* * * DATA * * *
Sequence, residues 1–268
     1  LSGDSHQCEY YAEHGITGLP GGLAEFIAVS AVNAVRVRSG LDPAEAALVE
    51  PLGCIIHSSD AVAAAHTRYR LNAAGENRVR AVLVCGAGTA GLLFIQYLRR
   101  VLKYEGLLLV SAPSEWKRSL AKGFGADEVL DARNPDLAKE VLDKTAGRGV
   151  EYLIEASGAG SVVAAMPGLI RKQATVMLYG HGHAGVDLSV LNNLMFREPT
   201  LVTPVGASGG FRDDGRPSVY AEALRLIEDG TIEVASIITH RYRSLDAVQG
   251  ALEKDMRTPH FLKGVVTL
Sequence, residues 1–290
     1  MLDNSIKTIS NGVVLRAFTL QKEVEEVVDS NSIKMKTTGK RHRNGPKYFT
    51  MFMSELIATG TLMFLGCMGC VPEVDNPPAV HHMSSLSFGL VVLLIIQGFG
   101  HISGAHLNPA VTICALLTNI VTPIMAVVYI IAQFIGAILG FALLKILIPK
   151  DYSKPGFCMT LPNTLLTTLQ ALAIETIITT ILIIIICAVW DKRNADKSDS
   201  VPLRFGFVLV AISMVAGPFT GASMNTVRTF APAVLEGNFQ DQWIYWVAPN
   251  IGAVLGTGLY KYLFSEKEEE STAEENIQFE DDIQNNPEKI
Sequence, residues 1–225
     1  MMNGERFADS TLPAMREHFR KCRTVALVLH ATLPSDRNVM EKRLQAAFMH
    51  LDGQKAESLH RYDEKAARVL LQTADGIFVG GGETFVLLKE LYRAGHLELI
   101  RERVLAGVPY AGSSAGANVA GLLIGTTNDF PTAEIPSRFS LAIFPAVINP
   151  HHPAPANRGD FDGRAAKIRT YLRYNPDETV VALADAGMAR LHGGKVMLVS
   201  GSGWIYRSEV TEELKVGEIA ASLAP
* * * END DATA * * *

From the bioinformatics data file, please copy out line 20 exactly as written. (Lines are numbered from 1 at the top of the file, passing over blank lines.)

   201  GSGWIYRSEV TEELKVGEIA ASLAP